Approach to dysglycemia: Do we need to treat impaired glucose tolerance and impaired fasting glucose?

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Abstract

Impaired glucose tolerance (IGT) and impaired fasting glucose (IFG) are not only a surrogate for the state of insulin resistance but are also associated with the microvascular and macrovascular complications traditionally linked to diabetes. They predict an increased risk for death and morbidity due to cardiovascular disease. There is growing evidence that early detection of this state of "pre-diabetes" enables us to limit these recognized complications and perhaps to halt the progression to diabetes. For all pre-diabetes patients' life style modifications, emphasizing modest weight loss & moderate physical activity are strongly recommended. Pharmacological intervention may also be necessary. Many studies have shown several drugs, both antidiabetic and nonhypoglycemic agents to be useful. If pharmacological treatment is required, Metformin is considered the first choice because of its safety, tolerability, efficacy and low cost. © 2009 International Journal of Diabetes Mellitus.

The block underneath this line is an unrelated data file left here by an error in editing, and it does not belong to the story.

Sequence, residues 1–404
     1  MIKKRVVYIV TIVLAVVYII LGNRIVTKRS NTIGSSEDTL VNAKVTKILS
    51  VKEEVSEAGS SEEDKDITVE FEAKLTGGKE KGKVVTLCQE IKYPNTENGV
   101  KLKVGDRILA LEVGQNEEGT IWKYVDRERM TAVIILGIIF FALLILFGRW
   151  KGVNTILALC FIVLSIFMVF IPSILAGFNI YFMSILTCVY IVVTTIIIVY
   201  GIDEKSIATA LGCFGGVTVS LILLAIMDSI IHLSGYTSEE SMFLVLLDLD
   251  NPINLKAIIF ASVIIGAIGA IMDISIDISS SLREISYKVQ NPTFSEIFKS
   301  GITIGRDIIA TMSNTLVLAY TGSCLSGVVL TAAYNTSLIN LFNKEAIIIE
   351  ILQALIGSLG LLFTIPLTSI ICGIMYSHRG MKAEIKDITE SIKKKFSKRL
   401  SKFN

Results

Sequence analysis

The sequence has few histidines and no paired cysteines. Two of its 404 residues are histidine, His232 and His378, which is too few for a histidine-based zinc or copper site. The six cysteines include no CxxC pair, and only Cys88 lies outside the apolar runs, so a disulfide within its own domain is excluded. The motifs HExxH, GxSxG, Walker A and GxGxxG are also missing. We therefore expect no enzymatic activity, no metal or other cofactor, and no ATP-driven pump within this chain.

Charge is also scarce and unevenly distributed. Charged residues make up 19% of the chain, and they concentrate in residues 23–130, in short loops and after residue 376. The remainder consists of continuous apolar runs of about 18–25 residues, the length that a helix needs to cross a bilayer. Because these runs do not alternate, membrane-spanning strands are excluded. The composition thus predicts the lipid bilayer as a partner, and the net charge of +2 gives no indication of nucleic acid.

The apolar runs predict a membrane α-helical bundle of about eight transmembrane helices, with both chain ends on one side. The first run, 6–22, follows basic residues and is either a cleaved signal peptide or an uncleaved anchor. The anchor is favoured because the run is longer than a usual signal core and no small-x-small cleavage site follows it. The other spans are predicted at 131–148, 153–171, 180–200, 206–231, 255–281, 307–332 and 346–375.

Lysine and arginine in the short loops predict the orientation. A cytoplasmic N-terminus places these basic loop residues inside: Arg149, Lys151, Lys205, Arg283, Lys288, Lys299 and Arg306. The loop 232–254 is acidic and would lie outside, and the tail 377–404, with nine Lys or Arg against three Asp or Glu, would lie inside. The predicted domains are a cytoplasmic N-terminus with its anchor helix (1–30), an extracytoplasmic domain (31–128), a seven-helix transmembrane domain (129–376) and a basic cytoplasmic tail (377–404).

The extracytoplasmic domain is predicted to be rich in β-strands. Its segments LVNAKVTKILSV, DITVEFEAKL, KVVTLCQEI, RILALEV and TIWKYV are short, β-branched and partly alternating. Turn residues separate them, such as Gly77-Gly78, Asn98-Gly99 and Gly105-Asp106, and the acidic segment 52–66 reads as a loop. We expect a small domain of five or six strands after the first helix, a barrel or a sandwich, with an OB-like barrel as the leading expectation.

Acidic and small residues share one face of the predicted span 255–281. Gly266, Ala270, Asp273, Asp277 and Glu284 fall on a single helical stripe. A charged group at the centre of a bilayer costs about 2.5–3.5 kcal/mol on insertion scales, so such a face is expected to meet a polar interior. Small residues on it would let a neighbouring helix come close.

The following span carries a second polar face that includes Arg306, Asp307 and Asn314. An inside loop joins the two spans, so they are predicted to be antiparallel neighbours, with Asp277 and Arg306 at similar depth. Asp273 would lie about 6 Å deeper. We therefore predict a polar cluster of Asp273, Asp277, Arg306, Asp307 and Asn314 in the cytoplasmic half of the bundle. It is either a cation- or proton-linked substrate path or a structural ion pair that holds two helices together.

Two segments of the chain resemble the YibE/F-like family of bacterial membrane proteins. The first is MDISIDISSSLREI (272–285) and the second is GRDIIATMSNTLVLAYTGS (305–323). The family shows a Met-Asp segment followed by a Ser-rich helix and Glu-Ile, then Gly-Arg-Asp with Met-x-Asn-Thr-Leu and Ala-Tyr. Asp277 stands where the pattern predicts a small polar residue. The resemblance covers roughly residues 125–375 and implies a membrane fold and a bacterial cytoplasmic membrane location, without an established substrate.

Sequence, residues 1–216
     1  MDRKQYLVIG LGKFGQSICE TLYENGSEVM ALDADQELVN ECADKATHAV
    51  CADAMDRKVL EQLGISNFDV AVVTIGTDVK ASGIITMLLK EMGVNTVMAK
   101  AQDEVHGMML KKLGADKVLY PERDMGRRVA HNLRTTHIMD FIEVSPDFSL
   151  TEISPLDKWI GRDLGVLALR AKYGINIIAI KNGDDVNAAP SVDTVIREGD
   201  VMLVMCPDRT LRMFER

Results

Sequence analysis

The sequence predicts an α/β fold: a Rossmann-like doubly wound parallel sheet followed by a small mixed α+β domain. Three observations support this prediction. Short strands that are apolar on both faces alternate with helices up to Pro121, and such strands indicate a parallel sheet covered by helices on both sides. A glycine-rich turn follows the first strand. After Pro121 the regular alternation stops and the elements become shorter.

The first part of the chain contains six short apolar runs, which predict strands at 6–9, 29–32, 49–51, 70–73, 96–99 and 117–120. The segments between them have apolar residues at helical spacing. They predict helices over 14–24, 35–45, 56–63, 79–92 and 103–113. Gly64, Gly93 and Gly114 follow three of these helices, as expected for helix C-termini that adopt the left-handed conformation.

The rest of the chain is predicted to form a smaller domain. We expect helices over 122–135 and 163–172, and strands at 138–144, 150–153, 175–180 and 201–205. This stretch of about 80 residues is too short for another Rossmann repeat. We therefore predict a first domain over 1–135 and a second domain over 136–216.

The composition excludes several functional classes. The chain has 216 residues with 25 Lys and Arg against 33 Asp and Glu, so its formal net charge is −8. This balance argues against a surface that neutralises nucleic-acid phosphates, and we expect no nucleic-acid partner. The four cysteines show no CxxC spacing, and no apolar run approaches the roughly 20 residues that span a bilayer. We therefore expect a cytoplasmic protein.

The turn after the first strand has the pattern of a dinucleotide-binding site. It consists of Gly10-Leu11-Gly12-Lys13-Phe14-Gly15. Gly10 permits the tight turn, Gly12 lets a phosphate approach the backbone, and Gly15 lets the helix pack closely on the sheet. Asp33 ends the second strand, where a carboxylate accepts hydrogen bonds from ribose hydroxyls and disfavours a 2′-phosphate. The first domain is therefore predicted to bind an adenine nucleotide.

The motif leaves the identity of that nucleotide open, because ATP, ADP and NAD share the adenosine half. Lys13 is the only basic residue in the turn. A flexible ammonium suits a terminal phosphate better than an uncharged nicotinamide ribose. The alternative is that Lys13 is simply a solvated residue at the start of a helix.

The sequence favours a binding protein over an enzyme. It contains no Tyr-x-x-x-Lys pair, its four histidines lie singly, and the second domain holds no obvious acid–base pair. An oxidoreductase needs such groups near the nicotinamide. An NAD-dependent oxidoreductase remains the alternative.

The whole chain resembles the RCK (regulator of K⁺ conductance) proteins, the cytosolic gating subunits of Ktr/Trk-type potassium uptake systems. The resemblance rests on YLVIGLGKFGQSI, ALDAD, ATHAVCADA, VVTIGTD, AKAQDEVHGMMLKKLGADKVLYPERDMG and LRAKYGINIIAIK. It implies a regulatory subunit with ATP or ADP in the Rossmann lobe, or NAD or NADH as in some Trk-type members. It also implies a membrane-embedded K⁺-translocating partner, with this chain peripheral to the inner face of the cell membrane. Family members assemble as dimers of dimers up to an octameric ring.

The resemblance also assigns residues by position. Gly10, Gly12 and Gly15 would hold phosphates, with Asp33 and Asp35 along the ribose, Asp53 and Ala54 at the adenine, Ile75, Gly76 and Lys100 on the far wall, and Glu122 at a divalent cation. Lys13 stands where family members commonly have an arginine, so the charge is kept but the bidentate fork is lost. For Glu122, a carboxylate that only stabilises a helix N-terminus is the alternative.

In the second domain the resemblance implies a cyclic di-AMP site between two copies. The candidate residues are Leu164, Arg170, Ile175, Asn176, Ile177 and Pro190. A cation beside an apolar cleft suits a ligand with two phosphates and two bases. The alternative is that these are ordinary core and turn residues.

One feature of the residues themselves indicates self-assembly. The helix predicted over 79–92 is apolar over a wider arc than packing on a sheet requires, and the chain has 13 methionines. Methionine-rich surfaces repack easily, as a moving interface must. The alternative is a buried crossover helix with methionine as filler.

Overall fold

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APA

Abujbara, M. A., & Ajlouni, K. M. (2009, April). Approach to dysglycemia: Do we need to treat impaired glucose tolerance and impaired fasting glucose? International Journal of Diabetes Mellitus. https://doi.org/10.1016/j.ijdm.2009.03.011

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